There is a simple test to determine who is in hell here and now and may, in all probability, end up in posthumous hell as well and that is seeing, under normal conditions or when encountering a stranger/neighbor, if one is short of nose as that expresses anger. How we meet our maids or servants/labourers – or the less privileged people – shows who we are really. We read again from Dostoevsky: “Since the world cannot exist without servants, you must see to it that your servant feels freer in spirit than if he were not a servant. And why shouldn’t I be my servant’s servant?” “Suddenly the words of my brother Markel came back to me, the words he had spoken before his death, when he had asked the servants why they were so kind to him and waited on him, and had wondered if he deserved their services. And I asked myself: “Do I deserve to be waited on? Why should another man, made in the image of the Lord, just like me, be my servant?” The Prophet’s slave Zayd reported that the latter never told him why he did or didn’t do this or that. Zayd in fact preferred the Prophet’s house to his own home.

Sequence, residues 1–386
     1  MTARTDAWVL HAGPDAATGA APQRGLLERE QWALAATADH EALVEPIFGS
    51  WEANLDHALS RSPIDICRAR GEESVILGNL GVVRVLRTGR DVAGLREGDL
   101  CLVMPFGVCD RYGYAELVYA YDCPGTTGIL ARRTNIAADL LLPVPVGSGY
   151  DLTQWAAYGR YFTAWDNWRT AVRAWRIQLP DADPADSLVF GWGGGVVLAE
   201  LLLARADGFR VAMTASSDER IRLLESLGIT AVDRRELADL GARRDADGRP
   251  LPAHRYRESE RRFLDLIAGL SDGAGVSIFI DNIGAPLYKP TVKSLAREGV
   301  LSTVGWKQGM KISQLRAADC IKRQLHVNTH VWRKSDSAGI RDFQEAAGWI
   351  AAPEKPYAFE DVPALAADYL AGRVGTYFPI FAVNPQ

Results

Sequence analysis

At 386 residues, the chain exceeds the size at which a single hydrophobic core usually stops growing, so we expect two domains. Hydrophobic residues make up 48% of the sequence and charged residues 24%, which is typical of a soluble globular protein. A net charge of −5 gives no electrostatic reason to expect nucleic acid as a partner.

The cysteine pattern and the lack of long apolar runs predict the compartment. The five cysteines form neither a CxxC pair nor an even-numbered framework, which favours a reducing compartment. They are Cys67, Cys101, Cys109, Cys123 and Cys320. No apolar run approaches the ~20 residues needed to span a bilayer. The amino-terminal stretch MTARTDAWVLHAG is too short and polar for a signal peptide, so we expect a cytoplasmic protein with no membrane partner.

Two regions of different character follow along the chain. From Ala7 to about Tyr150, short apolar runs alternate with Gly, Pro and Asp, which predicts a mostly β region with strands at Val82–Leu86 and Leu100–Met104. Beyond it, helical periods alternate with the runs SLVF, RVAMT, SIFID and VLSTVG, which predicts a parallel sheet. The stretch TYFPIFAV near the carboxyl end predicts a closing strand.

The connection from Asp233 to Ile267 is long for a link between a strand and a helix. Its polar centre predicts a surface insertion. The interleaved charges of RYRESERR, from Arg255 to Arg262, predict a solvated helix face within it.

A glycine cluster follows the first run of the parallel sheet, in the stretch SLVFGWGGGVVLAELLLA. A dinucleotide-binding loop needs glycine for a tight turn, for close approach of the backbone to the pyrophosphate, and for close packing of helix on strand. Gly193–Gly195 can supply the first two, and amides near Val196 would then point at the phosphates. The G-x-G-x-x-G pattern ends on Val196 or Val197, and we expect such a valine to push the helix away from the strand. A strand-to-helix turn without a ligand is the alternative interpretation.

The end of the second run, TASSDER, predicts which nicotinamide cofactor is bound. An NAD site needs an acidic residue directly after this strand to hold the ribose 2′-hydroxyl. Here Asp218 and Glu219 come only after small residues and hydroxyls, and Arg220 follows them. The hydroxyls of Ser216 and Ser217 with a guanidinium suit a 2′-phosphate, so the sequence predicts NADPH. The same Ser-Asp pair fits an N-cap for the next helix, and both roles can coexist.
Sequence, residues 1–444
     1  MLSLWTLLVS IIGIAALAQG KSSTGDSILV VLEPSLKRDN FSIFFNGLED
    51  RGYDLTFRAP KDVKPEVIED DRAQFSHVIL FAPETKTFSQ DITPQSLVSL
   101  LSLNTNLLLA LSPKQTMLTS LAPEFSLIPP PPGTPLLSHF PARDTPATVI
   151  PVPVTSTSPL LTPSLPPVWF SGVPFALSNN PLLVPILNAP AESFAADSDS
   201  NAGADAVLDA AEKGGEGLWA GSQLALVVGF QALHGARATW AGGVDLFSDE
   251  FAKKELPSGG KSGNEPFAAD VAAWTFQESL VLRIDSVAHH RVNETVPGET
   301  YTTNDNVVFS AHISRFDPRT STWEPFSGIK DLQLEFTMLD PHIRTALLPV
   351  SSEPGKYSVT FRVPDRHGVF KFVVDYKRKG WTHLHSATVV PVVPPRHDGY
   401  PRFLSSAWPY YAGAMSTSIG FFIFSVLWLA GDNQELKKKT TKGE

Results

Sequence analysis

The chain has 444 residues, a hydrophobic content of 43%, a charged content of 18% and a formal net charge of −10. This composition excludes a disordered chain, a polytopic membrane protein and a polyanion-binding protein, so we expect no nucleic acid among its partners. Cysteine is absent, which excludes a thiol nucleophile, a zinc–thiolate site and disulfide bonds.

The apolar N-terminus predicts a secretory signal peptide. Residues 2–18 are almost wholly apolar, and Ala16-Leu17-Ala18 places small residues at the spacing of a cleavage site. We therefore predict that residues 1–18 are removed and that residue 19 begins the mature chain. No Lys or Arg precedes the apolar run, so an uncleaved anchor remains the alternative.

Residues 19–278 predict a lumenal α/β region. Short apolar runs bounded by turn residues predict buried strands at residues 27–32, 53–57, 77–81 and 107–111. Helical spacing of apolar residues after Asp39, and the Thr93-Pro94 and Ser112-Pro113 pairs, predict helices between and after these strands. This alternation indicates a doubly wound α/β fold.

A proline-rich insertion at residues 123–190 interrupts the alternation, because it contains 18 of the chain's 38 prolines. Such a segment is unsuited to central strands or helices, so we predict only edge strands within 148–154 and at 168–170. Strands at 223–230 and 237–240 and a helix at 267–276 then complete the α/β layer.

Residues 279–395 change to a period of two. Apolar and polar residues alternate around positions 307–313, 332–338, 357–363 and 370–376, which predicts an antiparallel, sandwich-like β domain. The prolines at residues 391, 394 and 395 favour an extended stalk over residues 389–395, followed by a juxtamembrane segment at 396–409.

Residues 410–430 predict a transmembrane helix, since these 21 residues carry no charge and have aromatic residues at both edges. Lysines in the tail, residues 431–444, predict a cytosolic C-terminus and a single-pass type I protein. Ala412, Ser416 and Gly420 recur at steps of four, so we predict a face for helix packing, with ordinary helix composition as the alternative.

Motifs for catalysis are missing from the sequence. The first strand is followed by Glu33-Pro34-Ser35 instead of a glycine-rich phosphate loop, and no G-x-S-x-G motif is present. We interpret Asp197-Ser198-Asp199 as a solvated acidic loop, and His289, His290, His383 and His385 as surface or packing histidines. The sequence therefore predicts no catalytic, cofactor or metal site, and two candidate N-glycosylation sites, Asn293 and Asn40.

Inability to experience love or feel loved is at the root of crime and sorrow according to Dostoevsky and Iris Murdoch. For Dostoevsky we are healed by a dose of love, by being with children and can bear anything, even deep sorrow if we can find love. Indeed, we can’t be healed in prison/psychiatric ward space but family space as Laing noted and traditions have ever emphasized. Love and thus healing is in cafes with appreciating friends, in mosques and temples where community is at the centre and not the self, and in poetry recitation sessions. Inability to forget and forgive is hell. If we realize this, most court cases would be withdrawn. But we want to suffer and thus carry grudge against the so-called enemies. The question is why does Dostoevsky appear too idealistic and his hero idiot by our standards? Do we have hearts or we suffer from sclerosis and have turned into stones? Our short story writer Rahim Rahber thinks this is indeed the case.